“For Klotting and Kalcium”
Vitamin D helps you
tells your body where to put it
Conversion of K1 to K2 in body?
Is K stored in the body?
Good Online K references
Vitamin K is well known as a blood clotting agent, without which, an injury
could cause us to bleed to death –
vitamin K was named after the German word
“koagulation”. Most people get sufficient dietary K
to maintain adequate blood clotting. HOWEVER, they do NOT obtain enough or the
right type of vitamin K to perform the more
recently discovered important functions/roles of
vitamin K, including:
Supports bone health
(helps body utilize calcium in
the right places)
Keeps calcium out of blood vessels, cartilage
and other soft tissue
Boosts immune functiion
Ensures healthy skin
Relieves menstrual cramps
Enhances liver function
Encourages the flow of urine
Increases vitality and longevity
(fights premature aging)
Supports growth and development
Provides powerful antioxidant benefits
cells against oxidative damage)
Boosts memory function
Keeps your normal blood sugar
Arterial calcification, cardiovascular disease
and varicose veins
Brain health problems, including dementia
(maintains strong bones in the elderly)
liver cancer and leukemia
Diabetes / INSULIN resistance
Fat-Soluble vitamin K exists in two basic natural forms, K1 and K2 –
now found to have
quite DIFFERENT physiological functions:
(PHYLLOQUINONE) - ~90% of
intake in typical
K1 is preferentially used by the
helps maintain a healthy blood clotting
Found in leafy green
vegetables. olive oil and other plant foods - E.g.
Brussels sprouts, Swiss chard, green beans, asparagus, broccoli,
kale, leaf/romaine lettuce, cabbage,
spinach, parsley, watercress, cauliflower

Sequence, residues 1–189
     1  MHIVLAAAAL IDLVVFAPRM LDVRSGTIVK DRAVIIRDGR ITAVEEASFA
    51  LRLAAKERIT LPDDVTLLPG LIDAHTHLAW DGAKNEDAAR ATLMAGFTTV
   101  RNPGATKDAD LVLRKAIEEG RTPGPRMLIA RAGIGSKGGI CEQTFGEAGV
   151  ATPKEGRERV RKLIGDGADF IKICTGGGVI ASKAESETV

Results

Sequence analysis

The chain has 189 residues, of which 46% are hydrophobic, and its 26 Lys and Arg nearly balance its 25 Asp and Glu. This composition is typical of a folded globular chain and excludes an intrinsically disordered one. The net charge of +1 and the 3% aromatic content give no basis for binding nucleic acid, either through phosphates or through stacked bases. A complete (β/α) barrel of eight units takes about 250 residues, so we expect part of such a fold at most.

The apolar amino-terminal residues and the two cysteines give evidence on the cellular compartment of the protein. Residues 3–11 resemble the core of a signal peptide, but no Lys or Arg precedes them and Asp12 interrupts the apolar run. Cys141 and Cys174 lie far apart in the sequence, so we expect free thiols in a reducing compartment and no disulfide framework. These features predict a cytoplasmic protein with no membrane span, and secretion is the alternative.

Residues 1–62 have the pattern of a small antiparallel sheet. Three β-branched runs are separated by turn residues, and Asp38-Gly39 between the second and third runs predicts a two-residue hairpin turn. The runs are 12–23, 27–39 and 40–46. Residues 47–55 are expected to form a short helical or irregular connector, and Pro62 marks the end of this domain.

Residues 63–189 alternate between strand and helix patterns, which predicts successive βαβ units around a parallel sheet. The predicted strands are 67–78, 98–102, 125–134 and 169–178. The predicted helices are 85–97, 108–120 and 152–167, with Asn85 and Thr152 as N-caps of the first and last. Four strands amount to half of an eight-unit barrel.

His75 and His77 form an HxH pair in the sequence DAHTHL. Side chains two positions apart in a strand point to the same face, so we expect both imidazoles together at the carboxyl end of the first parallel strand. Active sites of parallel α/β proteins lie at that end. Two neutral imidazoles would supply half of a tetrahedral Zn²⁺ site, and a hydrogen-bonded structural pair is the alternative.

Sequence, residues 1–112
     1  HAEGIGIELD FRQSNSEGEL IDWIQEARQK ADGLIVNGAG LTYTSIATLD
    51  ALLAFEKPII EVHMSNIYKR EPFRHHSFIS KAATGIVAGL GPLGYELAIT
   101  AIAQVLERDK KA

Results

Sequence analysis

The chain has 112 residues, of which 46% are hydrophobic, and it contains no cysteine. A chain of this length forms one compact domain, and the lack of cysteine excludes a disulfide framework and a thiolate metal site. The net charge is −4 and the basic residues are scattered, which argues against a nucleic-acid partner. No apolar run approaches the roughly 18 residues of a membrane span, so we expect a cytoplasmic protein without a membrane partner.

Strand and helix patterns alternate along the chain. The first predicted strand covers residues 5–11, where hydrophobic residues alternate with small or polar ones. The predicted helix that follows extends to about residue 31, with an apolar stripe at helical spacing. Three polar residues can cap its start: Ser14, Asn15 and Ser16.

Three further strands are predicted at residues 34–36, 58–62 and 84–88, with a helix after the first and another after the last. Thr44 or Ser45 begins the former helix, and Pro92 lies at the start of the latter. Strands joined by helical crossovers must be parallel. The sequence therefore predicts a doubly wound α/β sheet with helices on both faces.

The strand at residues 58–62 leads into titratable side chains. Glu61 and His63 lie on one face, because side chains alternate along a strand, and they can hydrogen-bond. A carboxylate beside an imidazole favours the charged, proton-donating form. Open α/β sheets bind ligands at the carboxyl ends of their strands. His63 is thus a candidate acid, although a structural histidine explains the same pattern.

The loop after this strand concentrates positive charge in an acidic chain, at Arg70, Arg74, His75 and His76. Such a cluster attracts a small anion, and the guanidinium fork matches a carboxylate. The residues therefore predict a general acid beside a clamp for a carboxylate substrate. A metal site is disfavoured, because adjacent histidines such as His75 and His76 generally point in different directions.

and mustard greens.
Cruciferous vegetables should be cooked to avoid suppressing
thyroid hormone production.
Vitamin K is important for those with blood
type O - since they
lack several clotting factors in their blood
thru 14) - ~10% of vitamin K intake in
typical Western diet found in primarily fermented foods and aged cheeses; also
produced by gut bacteria
is preferentially used by vessel walls, bones, and tissues other than your liver
K2 benficially directs calcium to be deposited
in such as bones and teeth - and conversely, prevents it
from depositing in locations where it does not belong, such as the soft tissues
Spronk, H.M., Soute, B.A., Schurgers, L.J., Thijssen, H.H., De Mey, J.G.,
Vermeer, C., 2003. Tissue-specific utilization of menaquinone-4 results in the
prevention of arterial calcification in warfarin-treated rats. J. Vasc. Res.
40(6), pp 531-537.
Sperm contains a
protein that relies on K2
Your brain uses K2
Saliva contains K2 to protect against tooth
has several subforms (with repeating 5-carbon units in the side chain of the
- denoted as menaquinone-n
or MK-n, where n is the number of 5-carbon units) :
found in organ meats, marrow, brain, and fish
eggs; also butter fat from animals fed lush green grass or K-rich cereals (e.g.
green alfalfa, wheat-grass);
in egg yolks, a trace in meats; MK4 is now known to be Dr.
Weston A. Price’s so-called “Activator X”. During the 1930’s, this Cleveland
dentist traveled the world investigating the health of isolated primitive
peoples. He found that when included in their diet,
“Activator X” (K2 MK-4) not